Contributed by MHA Larking Gowen
28/06/2019 - On Buy
Since Wednesday 26th June, thousands of Brits from across the UK have been descending down to Glastonbury for five days of music and fun. This year’s festival is sure to be mesmerising, with some stellar headliners, such as Stormzy and The Killers.
In general, the wider impact of music festivals on the economy cannot be underestimated. In fact, statistics by ‘Events Are Great Britain’, show that £1.3 billion is the astonishing sum spent directly by festivalgoers.
An online marketplace who are interested in consumer purchasing habits for music festivals, surveyed 1,428 Brits who would be attending one or more music festivals this summer, to discover the ‘big’ items they are most likely to prioritise buying and how much on average they are looking to spend per given product.
Unsurprisingly, On Buy found that a tent (76%) is the item most Brits are ranking top of their shopping list and £34.00 is the average amount they are willing to pay. Thereafter, 71% are going to purchase a sleeping bag and will fork out an average of £15.00 for it. A necessity for making it easier to walk in muddy conditions at outdoor music festivals, 66% will be getting waterproof shoes (e.g. wellies etc.) and on average splash out £21.00 on a decent pair.
Given the limited availability of power sources (e.g. plugs etc.) at music festivals, 62% are going to invest in a portable charger pack and aim to spend an average of £10.00 for the handy device.
Interestingly, 57% desire a portable Bluetooth speaker to enjoy their personal music loudly and expect to pay an average of £12.00 for one.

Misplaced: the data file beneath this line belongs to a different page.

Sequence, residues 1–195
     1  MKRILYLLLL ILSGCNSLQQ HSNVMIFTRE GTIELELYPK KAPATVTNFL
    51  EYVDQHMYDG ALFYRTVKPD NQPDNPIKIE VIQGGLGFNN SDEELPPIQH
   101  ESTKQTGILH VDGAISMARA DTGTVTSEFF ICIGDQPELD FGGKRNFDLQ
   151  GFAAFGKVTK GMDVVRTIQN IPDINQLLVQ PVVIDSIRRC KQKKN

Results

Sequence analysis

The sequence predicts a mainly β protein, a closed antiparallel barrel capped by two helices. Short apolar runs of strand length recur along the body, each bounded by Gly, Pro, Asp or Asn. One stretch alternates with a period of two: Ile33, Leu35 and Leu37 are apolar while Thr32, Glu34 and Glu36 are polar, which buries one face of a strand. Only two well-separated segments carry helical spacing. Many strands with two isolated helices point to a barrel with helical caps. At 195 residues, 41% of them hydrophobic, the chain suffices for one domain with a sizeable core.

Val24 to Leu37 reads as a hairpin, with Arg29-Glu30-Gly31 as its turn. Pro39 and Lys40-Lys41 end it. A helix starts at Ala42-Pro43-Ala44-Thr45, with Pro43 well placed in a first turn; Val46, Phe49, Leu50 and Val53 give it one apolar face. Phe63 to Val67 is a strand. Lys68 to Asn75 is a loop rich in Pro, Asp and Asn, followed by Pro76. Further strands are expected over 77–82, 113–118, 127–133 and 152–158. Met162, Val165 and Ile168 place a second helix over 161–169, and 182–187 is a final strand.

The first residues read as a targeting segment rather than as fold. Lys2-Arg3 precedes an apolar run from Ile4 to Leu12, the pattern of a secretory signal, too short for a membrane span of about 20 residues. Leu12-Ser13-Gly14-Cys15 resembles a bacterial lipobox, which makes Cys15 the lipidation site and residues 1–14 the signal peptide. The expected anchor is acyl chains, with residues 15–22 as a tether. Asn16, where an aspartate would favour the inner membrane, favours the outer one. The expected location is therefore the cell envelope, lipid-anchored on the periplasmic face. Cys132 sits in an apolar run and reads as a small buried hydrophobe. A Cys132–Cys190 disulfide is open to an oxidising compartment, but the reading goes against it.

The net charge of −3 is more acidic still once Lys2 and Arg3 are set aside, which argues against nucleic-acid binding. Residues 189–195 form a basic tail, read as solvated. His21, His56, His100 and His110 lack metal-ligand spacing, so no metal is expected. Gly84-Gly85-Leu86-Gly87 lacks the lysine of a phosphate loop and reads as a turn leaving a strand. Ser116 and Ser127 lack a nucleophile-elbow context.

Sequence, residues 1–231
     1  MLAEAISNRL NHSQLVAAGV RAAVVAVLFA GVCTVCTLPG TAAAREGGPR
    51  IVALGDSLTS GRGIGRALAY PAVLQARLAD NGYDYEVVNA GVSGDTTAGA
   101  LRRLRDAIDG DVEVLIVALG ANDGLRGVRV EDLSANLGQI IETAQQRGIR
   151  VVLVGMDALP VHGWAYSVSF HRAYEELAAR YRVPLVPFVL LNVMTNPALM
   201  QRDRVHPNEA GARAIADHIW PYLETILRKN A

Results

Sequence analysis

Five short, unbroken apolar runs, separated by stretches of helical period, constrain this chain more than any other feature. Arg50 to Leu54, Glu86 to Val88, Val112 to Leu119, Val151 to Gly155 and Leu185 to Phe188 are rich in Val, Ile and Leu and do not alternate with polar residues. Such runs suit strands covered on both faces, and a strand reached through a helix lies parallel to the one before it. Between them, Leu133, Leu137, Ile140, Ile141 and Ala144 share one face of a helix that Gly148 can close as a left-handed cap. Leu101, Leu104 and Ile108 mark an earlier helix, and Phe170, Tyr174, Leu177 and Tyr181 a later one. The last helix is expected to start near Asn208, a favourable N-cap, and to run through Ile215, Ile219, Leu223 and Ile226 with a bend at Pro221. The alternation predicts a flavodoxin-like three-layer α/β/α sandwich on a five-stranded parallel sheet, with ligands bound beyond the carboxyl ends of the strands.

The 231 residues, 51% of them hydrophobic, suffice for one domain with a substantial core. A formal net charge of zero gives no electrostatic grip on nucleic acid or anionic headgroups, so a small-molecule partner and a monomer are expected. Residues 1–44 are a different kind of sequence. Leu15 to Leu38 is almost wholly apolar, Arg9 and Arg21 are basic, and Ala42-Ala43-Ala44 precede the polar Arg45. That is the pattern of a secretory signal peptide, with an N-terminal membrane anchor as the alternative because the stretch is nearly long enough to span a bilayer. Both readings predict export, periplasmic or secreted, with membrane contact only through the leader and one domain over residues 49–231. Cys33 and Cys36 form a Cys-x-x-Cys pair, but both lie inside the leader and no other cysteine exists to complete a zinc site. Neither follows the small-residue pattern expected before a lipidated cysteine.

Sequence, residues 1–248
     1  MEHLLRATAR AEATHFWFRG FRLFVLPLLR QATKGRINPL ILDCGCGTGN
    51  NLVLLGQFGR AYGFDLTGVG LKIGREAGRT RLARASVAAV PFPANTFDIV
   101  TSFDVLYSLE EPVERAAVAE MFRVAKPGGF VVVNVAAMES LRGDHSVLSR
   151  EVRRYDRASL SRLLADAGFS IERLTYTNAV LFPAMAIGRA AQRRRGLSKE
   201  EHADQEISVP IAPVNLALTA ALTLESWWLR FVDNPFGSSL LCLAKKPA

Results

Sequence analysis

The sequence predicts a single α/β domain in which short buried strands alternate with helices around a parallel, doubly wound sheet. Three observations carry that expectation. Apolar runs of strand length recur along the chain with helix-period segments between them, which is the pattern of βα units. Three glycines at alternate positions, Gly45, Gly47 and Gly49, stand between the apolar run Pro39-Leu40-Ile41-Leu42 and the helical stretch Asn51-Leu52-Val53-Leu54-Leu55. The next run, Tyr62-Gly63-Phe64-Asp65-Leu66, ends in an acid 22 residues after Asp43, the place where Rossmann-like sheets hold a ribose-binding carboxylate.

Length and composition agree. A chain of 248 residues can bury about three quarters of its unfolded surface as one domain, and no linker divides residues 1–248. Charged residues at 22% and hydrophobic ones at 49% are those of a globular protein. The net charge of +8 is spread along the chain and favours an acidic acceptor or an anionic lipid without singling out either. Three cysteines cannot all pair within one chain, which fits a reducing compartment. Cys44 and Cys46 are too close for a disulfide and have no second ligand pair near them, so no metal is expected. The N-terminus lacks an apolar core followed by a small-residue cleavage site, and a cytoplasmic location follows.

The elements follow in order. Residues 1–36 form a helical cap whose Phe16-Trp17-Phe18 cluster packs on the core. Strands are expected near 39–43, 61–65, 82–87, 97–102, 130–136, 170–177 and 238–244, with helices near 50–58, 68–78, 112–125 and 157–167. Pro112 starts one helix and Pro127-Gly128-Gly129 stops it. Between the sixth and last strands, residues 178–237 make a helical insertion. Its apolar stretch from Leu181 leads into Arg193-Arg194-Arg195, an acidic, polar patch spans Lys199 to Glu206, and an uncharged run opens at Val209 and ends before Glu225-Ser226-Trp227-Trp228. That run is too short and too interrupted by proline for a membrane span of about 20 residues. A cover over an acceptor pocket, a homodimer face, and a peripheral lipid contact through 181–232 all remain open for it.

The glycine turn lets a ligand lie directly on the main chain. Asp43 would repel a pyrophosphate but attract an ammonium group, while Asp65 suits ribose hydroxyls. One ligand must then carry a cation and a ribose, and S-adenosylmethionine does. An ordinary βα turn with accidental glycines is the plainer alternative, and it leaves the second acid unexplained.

Contrastingly, just 24% of avid festival goers are buying a large cooler box to keep their food and drinks chilled – in doing so, predict to spend a hefty average of £29.00. Slightly above, 30% want a sturdy folding chair.
Moreover, On Buy sought to identify the ‘smaller’ items Brits feel they will most likely forget to pack.
A torch (72%) is the item a lot of Brits will admittedly forget to take – very helpful when trying to navigate through a field which has little to no lighting. Subsequently, 64% are not going to remember to pack batteries.
In the event of an injury, 59% of respondents worryingly admit they are probably going to forget to take first aid fundamentals (e.g. plasters, bandages, antiseptic cream etc.). Embarrassingly, toilet paper/wet wipes will slip the mind of 38% of festivalgoers.
Opposingly, only 27% think they will end up overlooking snacks and sweets for the trip – a much cheaper alternative then always having to pay the extortionate prices that food stalls typically charge at music festivals. Marginally higher, 33% anticipate not remembering to take a pillow and blanket on their music festival ventures.
Sydney (23), a music festival enthusiastic said:
“Much like a holiday, the excitement of a music festival can sometimes overtake the urgency of being prepared and packing all the essentials. I am guilty of outfit planning for weeks on end, but only at the last minute remembering the extensive list of things needed to camp at a festival. Ranging from forgetting to pack my toothbrush to overlooking what I will be sleeping in.
A common theme when preparing for a festival seems to be the order of my priorities, with vital items such as first aid nearly always featuring at the bottom. What I have found most useful is changing the approach to packing. Creating a list of all the items you use at home on a normal day, which in turn highlights several items that are so easy to forget”.
Cas Paton, the Managing Director commented:
“For many, music festivals are the pinnacle of their summer. An opportunity to have a fun adventure with friends and watch some amazing musicians perform in a lively environment. In all the excitement and anticipation, it can be easy for festivalgoers to overlook packing essential items. This research certainly showcases what Brits think these items to be, with some very surprising findings. Likewise, it provides an insight into the items Brits most intend to buy and what prices they are willing to pay for them – with camping gear and small electronics seemingly a very high priority for attendees this year”.
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